KEILAR: Defense Secretary Donald Rumsfeld in Iraq this morning to talk about the escalating violence there. A series of bloody suicide attacks just as the secretary was arriving in the country. As many as nine people were killed. And we're hearing from Iraqi police that they found the bodies of as many as 20 civilians who were kidnapped earlier in the day.

Let's go now to CNN Senior International Correspondent Nic Robertson. He is in Baghdad tracking this story.

Good morning, Nic.


Well, those 20 bodies that the police have found in the town of Muqdadiya, about 65 miles northeast of Baghdad, they were abducted from a bus station. Civilians and bus drivers abducted from the bus station in the town of Muqdadiya about 8:00 this morning. Twenty-four of them disappeared. Now 20 bodies have been discovered.

A suicide bomber went into a restaurant on the south side of Baghdad, killed seven people, wounded 20 others. And that was as Secretary of Defense Donald Rumsfeld was arriving at a big U.S. military base about 50 miles north of Baghdad, the town of Balad.

There, he had a sort of town hall session with troops, about 700 troops asking all sorts of questions, asking about new military equipment, asking about Iraqi security forces. Journalists asked Secretary Rumsfeld if or when, rather, U.S. forces could to begin withdraw, when Iraqi forces would be ready. He didn't have an answer, but he is meeting with Prime Minister Nouri al-Maliki right about now.

That is on the agenda for discussion, the current state of the Iraqi security forces, the state of security in Baghdad. And also, the militias, the militias who have been very much part of the sectarian bloodletting that's been going on for the last week or so quite intensely -- Brianna.

KEILAR: Nic, do we have any sense of what -- what Secretary Rumsfeld will be discussing with the prime minister?

ROBERTSON: Well, he's very likely to discuss the security situation in Baghdad, because how the security goes here in Baghdad, it very much affects the area immediately around. And while you can pacify and secure the provinces close to Baghdad, the insurgents will just feed out their violence from Baghdad. The violence is -- Baghdad is perhaps one of the most violent places.

The other big issue right now is the militias who were accused of being in the west of Baghdad over the weekend, summarily executing people on the basis of whether they were Sunni or Shia. Shia militias accused of going into a Sunni neighborhood, killing more than 40 Sunnis. That's very likely to be on the table for discussion as well, as well as the development of the Iraqi security forces, their ability to contain the violence.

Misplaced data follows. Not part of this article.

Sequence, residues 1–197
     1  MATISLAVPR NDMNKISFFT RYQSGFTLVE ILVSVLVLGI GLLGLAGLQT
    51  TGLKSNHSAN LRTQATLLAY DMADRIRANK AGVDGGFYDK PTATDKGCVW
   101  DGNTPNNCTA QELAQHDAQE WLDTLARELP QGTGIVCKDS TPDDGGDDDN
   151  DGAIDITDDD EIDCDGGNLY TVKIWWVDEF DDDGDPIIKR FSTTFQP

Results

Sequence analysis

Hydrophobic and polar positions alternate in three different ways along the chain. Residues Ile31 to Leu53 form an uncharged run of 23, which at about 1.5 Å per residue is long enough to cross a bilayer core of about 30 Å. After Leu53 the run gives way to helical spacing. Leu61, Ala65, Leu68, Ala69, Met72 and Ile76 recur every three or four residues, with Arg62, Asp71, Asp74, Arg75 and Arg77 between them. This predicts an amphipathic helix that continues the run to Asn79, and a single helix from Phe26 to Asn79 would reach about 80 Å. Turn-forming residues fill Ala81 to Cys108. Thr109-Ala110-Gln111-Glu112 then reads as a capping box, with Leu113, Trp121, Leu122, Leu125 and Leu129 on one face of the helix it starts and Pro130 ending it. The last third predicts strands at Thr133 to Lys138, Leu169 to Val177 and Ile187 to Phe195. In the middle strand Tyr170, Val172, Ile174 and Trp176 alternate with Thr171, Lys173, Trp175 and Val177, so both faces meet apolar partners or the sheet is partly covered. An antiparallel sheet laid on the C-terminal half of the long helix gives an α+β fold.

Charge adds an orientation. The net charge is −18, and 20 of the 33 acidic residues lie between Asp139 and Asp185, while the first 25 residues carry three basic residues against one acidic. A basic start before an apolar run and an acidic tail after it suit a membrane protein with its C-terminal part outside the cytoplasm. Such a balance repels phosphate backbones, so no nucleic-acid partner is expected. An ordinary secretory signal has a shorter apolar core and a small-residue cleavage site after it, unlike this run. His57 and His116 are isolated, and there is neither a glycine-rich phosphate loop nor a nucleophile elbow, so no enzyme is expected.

You know, this is the year of the police, so they'll be looking at the police. The Iraqi army is progressing. Secretary Rumsfeld will want to know how that is going as well -- Brianna.

KEILAR: Nic Robertson live from Baghdad.

Thank you, Nic -- Miles.

O'BRIEN: In Mumbai, India, it is still a mystery who set off eight bombs in the transit system during yesterday evening's rush hour. The bombings killed at least 185, injured about 700. Authorities suspect it is the work of Islamic militants but don't know much more. At least they're not telling us yet.

CNN's Aneesh Raman joining us from Mumbai, formerly Bombay. He's on the line right now -- Aneesh.


As you say, no explicit speculation by authorities as to who was behind the attacks that a day ago now crippled Mumbai, India's financial heart, home to some 16 million people. A string of seven bombs hit trains that were commuting, an eighth bomb just outside of a station.

The death toll now stands at 185. Of that, we're told the majority of bodies have been claimed.

There are those still that are not identified, those bodies that did not have identification papers with them. And authorities are desperately trying to get details as to clothing and belongings as they try to reunite these casualties with their families.

Now, one of the reasons you can presume, as you enter into the city, that they haven't explicitly mentioned who might be behind these attacks is because one of the issues that authorities are dealing with, in addition to the investigation, is keeping sectarian tensions at bay. Mumbai is a city that is not unfamiliar to attacks like this. This large-scale of an attack they haven't seen in over a decade.

But there has been in recent weeks a brewing frustration between the Muslim minority and the Hindu majority within the city, in pockets of the city itself. And so authorities are being careful in terms of saying who is behind this attack and being too premature in labeling any one group -- Miles.

O'BRIEN: Aneesh Raman in Mumbai.

Thank you -- Brianna.